Thursday, August 18, 2016

Our Dav Pilkey Yarn

In honor of one of my favorite writers, Maggie Stiefvater, I borrow her brilliant line from The Raven King: "Depending on where you began the story, it was about ____."


Depending on where you began the story, it was about The Yarn's 25th episode with Dav Pilkey.

An eight-year-old boy and his stepmom listen to the podcast in the car, grinning at each other in the rear view mirror.


Depending on where you began the story, it was about a school visit. 

An eight-year-old boy and his stepmom meet Daddy and Little Brother at a middle school in Naperville, Illinois, to see Dav Pilkey. The eight-year-old brings some of his artwork to share. He gets an advanced reader copy of Dog Man signed by his hero.


Depending on where you began the story, it was about being picked up from school. 

An advanced reader copy of Dog Man awaits an eight-year-old at the curb, produced from his stepmom's bag. They are on their way to an author visit at a middle school.


Depending on where you began the story, it was about a chance run-in. 

A #nerdybookclub follower bumps into Colby Sharp and Travis Jonker at Book Expo America, a copy of Dog Man in her bag, an eight-year-old about to be dismissed from school.


Depending on where you began the story, it was about Book Expo America. 

A stepmom is determined to find a copy of Dog Man for Dav Pilkey's #1 eight-year-old fan. She stops by the Scholastic booth first, to no avail.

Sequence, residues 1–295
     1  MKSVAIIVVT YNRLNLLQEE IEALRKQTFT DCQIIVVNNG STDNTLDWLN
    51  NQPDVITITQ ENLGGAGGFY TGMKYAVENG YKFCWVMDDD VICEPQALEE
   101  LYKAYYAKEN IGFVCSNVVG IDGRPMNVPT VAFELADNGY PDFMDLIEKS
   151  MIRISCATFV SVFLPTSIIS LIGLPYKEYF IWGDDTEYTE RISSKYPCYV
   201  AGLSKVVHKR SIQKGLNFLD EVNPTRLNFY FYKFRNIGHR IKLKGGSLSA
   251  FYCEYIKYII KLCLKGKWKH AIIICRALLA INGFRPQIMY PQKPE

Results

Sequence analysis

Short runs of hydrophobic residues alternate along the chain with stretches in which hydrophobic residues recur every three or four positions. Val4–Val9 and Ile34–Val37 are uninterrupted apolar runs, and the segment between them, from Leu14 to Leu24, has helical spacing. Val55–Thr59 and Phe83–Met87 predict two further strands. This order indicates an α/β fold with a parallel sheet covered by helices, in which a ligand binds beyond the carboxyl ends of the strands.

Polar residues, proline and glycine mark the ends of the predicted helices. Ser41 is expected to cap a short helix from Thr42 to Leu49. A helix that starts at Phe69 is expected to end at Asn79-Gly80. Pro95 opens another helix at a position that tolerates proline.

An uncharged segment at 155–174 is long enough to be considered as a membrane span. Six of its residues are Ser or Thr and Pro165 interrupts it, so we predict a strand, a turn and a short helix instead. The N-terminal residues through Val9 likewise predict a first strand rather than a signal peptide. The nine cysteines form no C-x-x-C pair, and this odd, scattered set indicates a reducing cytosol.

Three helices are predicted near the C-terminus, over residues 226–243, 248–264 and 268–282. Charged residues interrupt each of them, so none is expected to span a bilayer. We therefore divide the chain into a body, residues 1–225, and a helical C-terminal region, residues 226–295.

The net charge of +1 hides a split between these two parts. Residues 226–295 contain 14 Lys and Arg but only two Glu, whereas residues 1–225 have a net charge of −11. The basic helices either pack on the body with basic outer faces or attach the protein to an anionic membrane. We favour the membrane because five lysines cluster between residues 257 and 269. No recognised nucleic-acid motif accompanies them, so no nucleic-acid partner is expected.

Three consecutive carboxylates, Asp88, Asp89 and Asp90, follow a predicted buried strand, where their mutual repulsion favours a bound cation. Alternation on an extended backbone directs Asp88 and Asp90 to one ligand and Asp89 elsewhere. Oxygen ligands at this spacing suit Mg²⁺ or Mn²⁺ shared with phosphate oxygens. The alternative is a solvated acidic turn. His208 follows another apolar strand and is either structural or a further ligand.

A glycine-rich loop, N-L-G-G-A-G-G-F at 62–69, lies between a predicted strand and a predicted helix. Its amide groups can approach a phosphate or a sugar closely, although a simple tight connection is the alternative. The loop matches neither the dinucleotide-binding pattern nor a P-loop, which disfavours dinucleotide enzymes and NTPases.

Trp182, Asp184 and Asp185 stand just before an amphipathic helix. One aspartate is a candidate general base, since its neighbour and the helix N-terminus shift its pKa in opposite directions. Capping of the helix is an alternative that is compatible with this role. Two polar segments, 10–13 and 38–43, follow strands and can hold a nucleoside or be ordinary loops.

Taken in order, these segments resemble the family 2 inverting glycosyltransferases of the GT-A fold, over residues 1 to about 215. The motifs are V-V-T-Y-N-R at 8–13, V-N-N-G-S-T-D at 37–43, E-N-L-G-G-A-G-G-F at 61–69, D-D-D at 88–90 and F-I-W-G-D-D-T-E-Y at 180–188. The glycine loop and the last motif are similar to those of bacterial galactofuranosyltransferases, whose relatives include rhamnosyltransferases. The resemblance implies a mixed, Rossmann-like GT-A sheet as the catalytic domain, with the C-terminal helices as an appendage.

A second visit to the booth sees a man walking away from the table, the last copy of Dog Man in his hands. 

The angel behind the Scholastic booth table sees it all happen, and without a word, walks behind the magic curtain and produces a single copy of Dog Man to present to a stepmom. 


Depending on where you began the story, it was about a budding storyteller. 

An eight-year-old is drawing scenes on a napkin, copies of Captain Underpants lined up on his bookshelf at home.


Depending on where you began the story, it was about a speech. 

The stepmom of an eight-year-old listens, cries, and laughs as an author tells teachers and librarians the story of a boy who grew into a man who wrote stories that matter. She tells him this at the book signing after the speech and brings home autographed copies of Captain Underpants books.


Depending on where you began the story, it was about a boy.

Thank you, Dav. Thank you, Colby and Travis. 

This stepmom and an eight-year-old boy

Sunday, July 17, 2016

The Storyteller by Evan Turk
"There's nothing else like it!" This is exactly what I wrote on a sticky note after reading Evan Turks's The Storyteller. This book is a gift in more than one way. First, the artwork (yes, I would gladly frame each page and hang them in my home library) is stunning.
On one page, I left a sticky note that said, "I can barely follow the story; mesmerized by the illustrations/artwork!" At that point, I truly did lose track of the story because I was swimming in the art. It's a trip all in itself. One of the final pages is below. You could study it for days and find new intricacies to admire.

In addition to the beautiful artwork, the story itself is one book lovers, writers, and teachers will appreciate: the magic of storytelling and its power to transform.  This is one to share with your students!

Friday, July 15, 2016

Defender by Graham McNamee

Defender by Graham McNamee is just what I'm looking for to hook my seventh-graders! It takes less than 15 pages (of quick-paced writing) to get to the DISCOVERY OF THE DEAD BODY IN THE BASEMENT! I mean, what more can a girl ask for?